peace, union, all the interests which it is his first duty to protect, for the purpose of promoting pure religion, is forced, after the experience of centuries, to admit that he has really been promoting error.
The sounder the doctrines of such a church, the more absurd and noxious the superstition by which those doctrines are opposed, the stronger are the arguments against the policy which has deprived a good cause of its natural advantages. Those who preach to rulers the duty of employing power to propagate truth would do well to remember that falsehood, though no match for truth alone, has often been found more than a match for truth and power together.
A statesman, judging on our principles, would pro nounce without hesitation that a church, such as we have last described, never ought to have been set up. Further than this we will not venture to speak for him. He would doubtless remember that the world is full of institutions which, though they never ought to have been set up, yet, having been set up, ought not to be rudely pulled down; and that it is often wise in practice to be content with the mitigation of an abuse which, looking at it in the abstract, we might feel impatient to destroy.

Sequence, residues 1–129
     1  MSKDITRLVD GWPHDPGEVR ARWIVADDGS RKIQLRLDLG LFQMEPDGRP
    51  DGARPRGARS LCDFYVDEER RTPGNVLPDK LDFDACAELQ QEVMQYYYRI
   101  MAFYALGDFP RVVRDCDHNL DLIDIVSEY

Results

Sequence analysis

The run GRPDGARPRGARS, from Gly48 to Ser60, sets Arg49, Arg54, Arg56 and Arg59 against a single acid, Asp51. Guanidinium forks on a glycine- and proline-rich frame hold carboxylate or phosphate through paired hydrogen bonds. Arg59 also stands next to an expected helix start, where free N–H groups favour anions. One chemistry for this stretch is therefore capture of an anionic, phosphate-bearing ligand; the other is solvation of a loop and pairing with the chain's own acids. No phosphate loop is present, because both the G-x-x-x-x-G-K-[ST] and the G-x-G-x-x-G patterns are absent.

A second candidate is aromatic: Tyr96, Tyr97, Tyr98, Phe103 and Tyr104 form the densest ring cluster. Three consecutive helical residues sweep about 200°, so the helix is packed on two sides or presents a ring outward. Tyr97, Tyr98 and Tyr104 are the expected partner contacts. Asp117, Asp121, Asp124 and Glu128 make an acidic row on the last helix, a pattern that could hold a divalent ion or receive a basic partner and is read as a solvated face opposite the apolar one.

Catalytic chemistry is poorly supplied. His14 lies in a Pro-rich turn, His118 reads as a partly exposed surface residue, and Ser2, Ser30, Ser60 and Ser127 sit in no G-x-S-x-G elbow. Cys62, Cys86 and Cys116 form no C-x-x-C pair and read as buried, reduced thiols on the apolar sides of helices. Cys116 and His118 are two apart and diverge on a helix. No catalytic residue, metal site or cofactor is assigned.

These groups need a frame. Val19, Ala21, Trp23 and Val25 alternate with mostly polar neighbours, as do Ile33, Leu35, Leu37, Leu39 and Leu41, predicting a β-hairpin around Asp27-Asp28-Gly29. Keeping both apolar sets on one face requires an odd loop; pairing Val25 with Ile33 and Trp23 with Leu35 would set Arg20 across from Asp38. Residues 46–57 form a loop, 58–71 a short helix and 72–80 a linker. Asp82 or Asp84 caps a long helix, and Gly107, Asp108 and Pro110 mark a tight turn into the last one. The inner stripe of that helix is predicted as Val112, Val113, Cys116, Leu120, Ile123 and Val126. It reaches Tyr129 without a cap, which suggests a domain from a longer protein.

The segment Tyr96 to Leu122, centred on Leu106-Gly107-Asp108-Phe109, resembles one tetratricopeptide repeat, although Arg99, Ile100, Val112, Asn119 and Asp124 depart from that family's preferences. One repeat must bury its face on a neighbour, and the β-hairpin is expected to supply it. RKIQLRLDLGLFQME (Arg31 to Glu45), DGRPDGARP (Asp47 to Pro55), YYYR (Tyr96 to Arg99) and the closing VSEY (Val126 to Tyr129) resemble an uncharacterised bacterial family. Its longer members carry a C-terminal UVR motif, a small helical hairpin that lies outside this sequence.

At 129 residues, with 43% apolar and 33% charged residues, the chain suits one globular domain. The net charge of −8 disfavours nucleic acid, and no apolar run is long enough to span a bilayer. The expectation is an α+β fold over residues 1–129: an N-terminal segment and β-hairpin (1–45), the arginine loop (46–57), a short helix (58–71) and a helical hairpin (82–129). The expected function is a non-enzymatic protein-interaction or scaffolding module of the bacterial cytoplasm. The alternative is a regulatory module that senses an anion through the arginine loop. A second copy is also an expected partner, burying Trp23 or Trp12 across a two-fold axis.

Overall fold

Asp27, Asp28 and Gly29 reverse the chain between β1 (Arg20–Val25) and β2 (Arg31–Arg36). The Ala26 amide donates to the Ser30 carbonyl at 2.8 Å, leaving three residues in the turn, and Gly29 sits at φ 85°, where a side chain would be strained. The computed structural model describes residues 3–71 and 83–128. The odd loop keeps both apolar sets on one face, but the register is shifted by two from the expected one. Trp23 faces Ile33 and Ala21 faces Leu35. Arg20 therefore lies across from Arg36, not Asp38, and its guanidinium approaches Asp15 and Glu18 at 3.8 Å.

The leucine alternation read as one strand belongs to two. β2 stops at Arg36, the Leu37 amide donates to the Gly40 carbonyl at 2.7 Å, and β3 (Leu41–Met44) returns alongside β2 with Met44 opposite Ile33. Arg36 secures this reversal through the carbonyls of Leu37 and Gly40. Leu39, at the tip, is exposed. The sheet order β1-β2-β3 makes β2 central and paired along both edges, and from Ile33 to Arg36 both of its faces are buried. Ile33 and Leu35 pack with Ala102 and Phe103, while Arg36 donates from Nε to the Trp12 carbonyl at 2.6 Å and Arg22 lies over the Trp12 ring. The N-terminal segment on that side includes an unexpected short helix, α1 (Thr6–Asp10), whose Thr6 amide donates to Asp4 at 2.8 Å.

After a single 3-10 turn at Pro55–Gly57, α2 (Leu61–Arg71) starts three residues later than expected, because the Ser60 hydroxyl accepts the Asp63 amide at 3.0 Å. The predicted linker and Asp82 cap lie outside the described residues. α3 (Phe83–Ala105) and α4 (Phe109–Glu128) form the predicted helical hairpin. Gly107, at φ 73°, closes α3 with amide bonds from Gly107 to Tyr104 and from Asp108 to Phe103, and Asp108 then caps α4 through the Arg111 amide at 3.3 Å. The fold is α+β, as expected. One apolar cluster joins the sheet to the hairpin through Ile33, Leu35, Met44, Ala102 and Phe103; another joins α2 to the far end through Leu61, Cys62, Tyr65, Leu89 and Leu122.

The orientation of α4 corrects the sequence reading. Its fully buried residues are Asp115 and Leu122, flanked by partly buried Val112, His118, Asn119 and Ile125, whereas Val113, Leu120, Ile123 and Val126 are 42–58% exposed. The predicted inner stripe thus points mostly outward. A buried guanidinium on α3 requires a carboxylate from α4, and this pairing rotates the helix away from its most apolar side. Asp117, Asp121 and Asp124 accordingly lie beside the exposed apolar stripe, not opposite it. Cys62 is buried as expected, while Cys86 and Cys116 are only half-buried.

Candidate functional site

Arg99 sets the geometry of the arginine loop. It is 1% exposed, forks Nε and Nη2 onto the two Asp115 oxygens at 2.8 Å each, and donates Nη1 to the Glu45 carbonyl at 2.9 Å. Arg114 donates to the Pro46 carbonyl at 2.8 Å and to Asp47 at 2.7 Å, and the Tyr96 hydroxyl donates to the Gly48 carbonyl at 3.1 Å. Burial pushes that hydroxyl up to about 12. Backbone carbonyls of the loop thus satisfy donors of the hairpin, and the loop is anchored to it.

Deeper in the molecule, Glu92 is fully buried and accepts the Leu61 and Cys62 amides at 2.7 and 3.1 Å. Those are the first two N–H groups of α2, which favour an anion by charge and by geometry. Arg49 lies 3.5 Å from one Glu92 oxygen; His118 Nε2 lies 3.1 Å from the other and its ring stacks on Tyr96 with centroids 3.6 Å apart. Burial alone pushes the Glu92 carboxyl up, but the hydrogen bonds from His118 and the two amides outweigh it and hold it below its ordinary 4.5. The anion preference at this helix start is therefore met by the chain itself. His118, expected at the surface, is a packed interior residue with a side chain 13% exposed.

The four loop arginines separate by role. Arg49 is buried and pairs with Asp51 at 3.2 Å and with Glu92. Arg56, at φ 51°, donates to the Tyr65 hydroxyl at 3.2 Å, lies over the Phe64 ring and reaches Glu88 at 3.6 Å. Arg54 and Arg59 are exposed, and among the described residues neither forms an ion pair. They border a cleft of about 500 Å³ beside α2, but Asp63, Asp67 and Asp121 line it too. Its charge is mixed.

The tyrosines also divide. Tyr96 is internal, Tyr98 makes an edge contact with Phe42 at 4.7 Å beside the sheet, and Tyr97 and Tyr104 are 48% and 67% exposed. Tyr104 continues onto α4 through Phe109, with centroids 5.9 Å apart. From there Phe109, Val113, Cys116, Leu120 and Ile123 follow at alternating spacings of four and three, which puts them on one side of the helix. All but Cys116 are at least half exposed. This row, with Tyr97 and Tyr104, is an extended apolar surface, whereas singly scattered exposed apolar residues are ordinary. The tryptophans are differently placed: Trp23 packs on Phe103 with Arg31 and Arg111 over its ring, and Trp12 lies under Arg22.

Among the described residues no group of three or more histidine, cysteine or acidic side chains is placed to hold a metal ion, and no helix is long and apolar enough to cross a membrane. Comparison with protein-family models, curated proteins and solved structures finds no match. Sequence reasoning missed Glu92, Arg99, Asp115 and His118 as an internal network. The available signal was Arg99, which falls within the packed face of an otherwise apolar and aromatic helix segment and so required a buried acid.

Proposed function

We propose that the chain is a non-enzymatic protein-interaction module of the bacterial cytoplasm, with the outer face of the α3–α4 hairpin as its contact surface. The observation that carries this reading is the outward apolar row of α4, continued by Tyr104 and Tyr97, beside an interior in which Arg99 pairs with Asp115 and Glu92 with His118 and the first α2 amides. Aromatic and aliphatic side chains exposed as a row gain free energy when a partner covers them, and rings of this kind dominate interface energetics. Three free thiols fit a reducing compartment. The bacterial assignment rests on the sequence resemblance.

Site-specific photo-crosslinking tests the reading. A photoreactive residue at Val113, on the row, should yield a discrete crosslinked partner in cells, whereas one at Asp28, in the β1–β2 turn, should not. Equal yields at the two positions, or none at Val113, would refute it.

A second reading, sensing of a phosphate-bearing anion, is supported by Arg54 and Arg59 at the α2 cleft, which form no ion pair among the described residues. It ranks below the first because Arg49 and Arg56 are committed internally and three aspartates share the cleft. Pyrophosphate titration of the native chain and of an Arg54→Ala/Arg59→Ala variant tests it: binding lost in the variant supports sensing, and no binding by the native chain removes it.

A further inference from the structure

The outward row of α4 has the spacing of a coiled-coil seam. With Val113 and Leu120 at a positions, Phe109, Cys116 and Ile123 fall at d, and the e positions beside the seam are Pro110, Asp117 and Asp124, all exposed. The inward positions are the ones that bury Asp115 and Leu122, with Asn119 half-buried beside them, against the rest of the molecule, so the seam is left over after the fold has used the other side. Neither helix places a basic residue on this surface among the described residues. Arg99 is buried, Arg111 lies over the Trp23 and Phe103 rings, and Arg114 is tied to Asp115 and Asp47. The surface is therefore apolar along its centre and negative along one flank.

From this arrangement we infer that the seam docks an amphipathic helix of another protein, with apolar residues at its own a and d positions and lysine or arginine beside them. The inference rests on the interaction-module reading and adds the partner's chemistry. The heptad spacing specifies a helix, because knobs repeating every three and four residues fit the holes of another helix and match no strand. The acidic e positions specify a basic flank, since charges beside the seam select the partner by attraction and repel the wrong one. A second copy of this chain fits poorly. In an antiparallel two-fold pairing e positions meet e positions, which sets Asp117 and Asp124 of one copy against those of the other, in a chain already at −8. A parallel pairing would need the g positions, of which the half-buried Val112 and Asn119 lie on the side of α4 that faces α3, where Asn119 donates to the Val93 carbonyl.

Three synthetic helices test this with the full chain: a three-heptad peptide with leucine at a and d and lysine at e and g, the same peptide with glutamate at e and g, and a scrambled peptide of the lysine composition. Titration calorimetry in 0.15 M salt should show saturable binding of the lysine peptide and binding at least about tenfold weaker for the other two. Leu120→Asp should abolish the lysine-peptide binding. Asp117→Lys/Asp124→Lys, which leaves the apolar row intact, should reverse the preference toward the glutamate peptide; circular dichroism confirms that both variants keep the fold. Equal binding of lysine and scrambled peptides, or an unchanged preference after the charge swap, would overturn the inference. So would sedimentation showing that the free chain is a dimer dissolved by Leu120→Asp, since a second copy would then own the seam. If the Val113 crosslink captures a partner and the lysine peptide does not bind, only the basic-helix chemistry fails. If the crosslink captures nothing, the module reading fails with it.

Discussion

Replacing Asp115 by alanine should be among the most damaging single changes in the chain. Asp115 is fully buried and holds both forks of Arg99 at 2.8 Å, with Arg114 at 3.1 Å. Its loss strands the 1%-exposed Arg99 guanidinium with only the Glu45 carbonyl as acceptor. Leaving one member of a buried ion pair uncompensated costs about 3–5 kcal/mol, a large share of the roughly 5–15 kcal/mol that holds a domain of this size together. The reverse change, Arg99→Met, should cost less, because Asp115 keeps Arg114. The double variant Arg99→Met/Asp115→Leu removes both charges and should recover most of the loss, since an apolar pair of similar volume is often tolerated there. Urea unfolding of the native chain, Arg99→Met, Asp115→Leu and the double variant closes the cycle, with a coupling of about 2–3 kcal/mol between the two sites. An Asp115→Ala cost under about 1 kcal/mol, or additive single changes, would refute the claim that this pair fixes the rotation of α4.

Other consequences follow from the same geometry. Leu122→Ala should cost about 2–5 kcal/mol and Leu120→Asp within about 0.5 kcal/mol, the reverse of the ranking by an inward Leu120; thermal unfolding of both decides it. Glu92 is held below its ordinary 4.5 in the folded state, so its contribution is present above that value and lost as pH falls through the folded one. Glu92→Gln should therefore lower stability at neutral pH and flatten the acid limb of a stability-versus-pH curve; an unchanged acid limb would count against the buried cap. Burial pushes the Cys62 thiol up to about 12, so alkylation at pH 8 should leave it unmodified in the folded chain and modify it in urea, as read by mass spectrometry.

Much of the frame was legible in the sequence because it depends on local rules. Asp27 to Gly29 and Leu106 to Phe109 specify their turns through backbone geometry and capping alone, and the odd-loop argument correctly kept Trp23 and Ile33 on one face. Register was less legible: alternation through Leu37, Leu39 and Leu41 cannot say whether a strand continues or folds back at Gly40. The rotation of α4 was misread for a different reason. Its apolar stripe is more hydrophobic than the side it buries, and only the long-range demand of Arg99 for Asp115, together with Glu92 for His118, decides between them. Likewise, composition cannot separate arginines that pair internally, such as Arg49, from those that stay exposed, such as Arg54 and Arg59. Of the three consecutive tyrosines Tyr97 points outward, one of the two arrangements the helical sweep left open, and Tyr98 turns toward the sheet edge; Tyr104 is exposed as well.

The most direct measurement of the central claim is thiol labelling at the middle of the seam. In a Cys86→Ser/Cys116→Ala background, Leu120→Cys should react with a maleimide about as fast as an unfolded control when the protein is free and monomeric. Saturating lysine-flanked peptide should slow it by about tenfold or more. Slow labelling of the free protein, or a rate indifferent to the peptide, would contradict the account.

We have done ; and nothing remains but that we part from Mr. Gladstone with the courtesy of an. tagonists who bear no malice. We dissent from his opinions, but we admire his talents ; we respect his pitegrity and benevolence; and we hope that he will pot suffer political avocations so entirely to engross him, as to leave him no leisure for literature and philosophy.